Home Transportation FG to begin tolling on Lagos-Ibadan expressway, Niger Bridge, others

FG to begin tolling on Lagos-Ibadan expressway, Niger Bridge, others

cbn - Lagospost.ng

The Central Bank of Nigeria (CBN) governor, Godwin Emefiele has revealed that the federal government plans to toll the Lagos-Ibadan Expressway, the ongoing 2nd Niger Bridge, and other roads, to repay loans used to build them.

Emefiele,made this known on Wednesday at the closing ceremony of the 12th Banker’s Committee retreat in Lagos, saying:

“All of the roads will be tolled. And we know that in many other countries in the world, roads are tolled because those projects are commercially viable.

“They (loan) can be refunded with tolls so that maintenance can be done on a regular basis, and people will pay for it and enjoy good roads, and enjoy good facilities because that is the only way we can fund the infrastructure of this country, which is the large amount of money that is needed.”

Emefiele said the money from the tolling at the Lagos-Ibadan expressway, Abuja-Kano road, and the second Niger Bridge would be used to repay loans used to fund the project.

He stated that the three projects are funded by the Infrastructure Corporation of Nigeria (InfraCo).

According to Emefiele, the CBN, African Finance Corporation, and Nigerian Sovereign Investment Authority contributed N1 trillion of InfraCo’s equity, adding that the remaining N14 trillion would be coming from the debt market.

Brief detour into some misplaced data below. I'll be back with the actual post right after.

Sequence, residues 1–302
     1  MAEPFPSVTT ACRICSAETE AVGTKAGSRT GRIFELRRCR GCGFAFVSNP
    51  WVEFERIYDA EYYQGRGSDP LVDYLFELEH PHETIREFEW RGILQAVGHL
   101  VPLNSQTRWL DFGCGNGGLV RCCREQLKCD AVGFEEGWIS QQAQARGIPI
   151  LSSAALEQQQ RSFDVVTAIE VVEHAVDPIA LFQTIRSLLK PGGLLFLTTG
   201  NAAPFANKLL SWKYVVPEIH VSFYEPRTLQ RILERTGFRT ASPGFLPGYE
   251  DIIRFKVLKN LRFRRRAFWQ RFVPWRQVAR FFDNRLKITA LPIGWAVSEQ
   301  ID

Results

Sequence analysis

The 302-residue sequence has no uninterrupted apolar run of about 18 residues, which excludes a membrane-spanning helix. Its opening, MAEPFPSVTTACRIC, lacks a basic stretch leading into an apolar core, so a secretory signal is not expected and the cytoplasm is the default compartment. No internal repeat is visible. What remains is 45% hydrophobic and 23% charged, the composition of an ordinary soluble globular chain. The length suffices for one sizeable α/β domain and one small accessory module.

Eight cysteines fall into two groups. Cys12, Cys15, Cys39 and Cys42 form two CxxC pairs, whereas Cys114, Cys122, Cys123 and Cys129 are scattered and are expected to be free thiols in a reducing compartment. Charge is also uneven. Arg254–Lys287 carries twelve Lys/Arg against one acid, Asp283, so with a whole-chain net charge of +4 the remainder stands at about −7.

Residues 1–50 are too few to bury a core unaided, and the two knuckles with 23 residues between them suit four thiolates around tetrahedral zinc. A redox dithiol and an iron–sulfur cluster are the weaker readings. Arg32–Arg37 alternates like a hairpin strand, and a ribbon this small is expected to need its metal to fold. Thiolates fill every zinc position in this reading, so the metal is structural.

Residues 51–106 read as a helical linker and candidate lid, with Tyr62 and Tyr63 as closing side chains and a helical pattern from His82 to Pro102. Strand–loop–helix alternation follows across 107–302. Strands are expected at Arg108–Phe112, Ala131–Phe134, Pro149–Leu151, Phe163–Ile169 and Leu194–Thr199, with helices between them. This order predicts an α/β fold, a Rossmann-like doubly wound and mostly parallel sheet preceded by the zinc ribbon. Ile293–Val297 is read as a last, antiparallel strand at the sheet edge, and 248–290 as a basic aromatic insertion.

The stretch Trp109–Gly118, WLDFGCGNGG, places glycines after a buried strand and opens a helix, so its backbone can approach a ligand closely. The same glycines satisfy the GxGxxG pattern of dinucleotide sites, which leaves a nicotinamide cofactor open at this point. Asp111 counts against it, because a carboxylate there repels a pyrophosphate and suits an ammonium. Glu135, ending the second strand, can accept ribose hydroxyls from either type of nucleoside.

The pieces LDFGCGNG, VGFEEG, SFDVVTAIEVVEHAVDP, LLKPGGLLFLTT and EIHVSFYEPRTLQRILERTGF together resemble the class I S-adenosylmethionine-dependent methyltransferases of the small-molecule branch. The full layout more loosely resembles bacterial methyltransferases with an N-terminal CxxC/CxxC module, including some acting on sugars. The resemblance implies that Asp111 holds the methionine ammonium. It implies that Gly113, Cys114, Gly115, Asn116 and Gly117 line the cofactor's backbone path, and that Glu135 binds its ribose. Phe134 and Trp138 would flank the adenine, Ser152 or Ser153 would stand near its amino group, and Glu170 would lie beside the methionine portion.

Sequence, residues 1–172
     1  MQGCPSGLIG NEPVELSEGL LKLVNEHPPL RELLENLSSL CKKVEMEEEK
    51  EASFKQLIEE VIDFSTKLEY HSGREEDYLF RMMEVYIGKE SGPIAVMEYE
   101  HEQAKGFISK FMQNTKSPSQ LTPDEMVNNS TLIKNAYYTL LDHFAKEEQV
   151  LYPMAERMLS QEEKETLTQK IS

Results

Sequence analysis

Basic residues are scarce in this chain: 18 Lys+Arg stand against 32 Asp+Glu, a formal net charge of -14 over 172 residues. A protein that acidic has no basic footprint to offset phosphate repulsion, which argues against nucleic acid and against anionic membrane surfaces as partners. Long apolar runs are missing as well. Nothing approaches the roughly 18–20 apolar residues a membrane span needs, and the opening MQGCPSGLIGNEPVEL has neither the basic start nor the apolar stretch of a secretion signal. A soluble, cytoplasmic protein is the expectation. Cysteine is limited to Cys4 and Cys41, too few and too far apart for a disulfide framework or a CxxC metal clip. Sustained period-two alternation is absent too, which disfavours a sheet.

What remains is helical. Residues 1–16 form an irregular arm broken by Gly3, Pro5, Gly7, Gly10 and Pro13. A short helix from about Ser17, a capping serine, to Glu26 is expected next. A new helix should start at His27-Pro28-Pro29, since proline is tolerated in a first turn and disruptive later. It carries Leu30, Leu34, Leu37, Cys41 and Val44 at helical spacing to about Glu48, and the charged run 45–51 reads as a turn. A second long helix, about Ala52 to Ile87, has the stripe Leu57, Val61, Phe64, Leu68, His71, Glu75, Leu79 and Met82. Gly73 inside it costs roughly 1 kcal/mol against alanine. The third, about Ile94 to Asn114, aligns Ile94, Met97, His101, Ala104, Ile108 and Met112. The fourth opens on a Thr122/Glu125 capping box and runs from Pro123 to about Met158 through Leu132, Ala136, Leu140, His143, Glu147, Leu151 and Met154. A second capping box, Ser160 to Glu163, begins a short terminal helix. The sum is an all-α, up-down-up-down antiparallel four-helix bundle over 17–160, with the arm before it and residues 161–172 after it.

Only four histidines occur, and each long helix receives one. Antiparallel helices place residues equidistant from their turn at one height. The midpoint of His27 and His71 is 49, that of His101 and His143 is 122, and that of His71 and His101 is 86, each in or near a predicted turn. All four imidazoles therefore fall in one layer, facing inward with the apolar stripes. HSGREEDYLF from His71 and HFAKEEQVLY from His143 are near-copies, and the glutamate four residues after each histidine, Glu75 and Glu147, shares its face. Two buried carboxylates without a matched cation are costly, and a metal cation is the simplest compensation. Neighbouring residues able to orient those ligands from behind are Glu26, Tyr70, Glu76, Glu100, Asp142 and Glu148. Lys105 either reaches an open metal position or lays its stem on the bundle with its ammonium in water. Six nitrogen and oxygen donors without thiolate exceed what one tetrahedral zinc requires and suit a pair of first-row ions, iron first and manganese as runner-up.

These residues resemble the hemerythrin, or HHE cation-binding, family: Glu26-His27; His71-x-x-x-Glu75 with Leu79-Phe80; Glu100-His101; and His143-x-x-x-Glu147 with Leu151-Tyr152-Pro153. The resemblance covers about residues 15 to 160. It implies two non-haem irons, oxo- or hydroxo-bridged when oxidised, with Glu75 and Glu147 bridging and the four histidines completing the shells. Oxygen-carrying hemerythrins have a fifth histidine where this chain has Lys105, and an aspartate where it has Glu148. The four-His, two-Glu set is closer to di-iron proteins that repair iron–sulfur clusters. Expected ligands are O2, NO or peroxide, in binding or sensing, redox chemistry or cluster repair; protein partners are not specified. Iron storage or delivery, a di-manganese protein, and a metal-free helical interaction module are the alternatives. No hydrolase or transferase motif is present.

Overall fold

The apex bank governor disclosed that, in order to move forward with funding for those projects, the government approached CBN to provide some kind of bridge funding, which is approximately N170 billion.

“The entire scope of those three projects, I am told is slightly above N1 trillion, but the numbers are being worked on,” Emefiele said.

“And I believe by the time the asset managers effectively come on board, the details of those projects and the remaining aspects of those funding would be coming in through debt and that is where the asset managers would come in with the entire scope and then we would know the detailed cost of those three projects.”

The CBN governor said he is “reasonably optimistic that more than 50 percent or two-thirds of this money is going to be raised locally.

“Before we begin to think about accessing international finance, we would try as much as possible to limit debt for foreign currencies, particularly knowing that some of these projects and revenues are going to be generated with local currency.

“Where foreign currencies are needed, we will also take those and then be able to use them.”

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